A winter storm in the Central Plains has dumped snow on western Kansas and fear into wheat futures markets. Kansas City wheat futures gained as much as 28 and 3/4 cents on the various futures months, while the Chicago soft red winter futures gained 23 3/4 cents on the July contract.
A large portion of the western Plains got six inches of snow, and western Kansas got from 12 inches to 20 inches. This came after a change in weather brought extremely cold temperatures to the same region.
One market letter simply states that, “major production losses are going to happen.”
The snow comes as wheat in the affected area is headed out. In some cases the wheat will be killed before filling. In other cases there will be losses from the lodging caused by the heavy snow.
Remember, there is extreme variance in crop progress as we go south to north in our large country. This is the week that the harvest starts in southern Texas by tradition. Meanwhile, spring wheat is still being planted in the Dakotas.
That spring wheat planting is behind the normal this year. USDA reported Monday, May 1 that 31 percent is planted, versus a normal 46 percent. South Dakota and Montana are especially late.
With the weather woes, Chicago July wheat futures were up almost 24 cents, with a high at $4.57.
This Tuesday, May 2 morning, we are seeing surprisingly little follow-through, with just under a two cent gain, to $4.57 3/4. The blow up in wheat problems pulled corn and soybean futures back to the recent highs, but did not really cause a break-out on the charts. May 1 saw July corn futures hit $3.79 and close at $3.77 1/2.
The recent high was $3.79 1/2 on the 13th. We were also $3.79 1/4 on the third. This morning, Tuesday, we are down two and a quarter cents at $3.75 1/4.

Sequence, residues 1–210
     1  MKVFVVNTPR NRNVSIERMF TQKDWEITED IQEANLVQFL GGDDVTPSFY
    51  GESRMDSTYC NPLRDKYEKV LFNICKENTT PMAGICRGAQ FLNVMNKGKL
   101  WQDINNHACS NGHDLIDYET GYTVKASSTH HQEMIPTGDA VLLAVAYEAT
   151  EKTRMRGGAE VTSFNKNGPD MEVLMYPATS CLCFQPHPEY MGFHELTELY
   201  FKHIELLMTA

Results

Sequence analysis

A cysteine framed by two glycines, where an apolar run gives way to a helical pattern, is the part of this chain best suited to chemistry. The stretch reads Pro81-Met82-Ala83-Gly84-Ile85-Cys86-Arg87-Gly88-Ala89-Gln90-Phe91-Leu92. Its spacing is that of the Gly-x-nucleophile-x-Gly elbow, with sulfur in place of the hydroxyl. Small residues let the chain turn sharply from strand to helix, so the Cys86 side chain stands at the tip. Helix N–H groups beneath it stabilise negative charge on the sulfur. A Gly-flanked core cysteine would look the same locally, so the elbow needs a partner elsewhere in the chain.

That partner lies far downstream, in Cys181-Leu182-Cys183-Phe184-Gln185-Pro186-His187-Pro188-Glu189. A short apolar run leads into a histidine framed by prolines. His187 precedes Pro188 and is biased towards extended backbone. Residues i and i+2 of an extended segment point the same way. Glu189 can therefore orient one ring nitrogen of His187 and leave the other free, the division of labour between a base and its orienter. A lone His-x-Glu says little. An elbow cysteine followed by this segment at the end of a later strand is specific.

The December corn futures were a similar situation. We are down two and a half this morning, at $3.92 1/4. The Monday high was $3.95 3/4, and we close up nine and a half cents. On the chart we see four very similar highs recently, at $3.95, $3.95 3/4, and $3.95 1/4.
So, the wheat problems added to some wet weather, which is delaying planting but helped us return to recent highs, but not break out to new prices. Similarly in soybeans, the high Monday was at $9.69 1/2, then it broke a nickel to the close of $9.64 1/2.
We had recent highs of $9.68 1/4 and $9.68 1/2, so we technically were higher, but on the chart it just looks like we traded up to the resistance line. There is a difference in that we are a little higher on Tuesday morning.
For the day so far we are up just under a nickel, at $9.69 1/4. The good news for corn and soybeans is that planting progress is ahead of normal. The bad news is that the weather may keep us from gaining planted acres this week.
The U.S. is now reported at 34 per cent planted for corn, which is dead on the average. That was a big gain from last week’s 17 percent, although last year we were at 43 percent. Ohio is at 42 percent, up from just nine last week, and way ahead of the 17-percent average.
Last year we were at 24 percent at this time. The soybean planting for the nation is at 10 percent, up from the seven percent average. We were at six percent last week, so we can see the big push this week was to plant corn.
The Ohio farmers are at 14 percent, as more and more farmers plant beans early, or even before they start corn. Last week we had just started, at one percent, and the average at this date is just five percent. Most of the Corn Belt got light showers May 1.
Some of Ohio got a fast, severe thunderstorm instead. Here in Wayne, in Ashtabula County, I got an inch-and-a-half in 12 minutes and couldn’t see the tree outside my office window.
More rain is forecast for the week, so little planting is likely for a few days.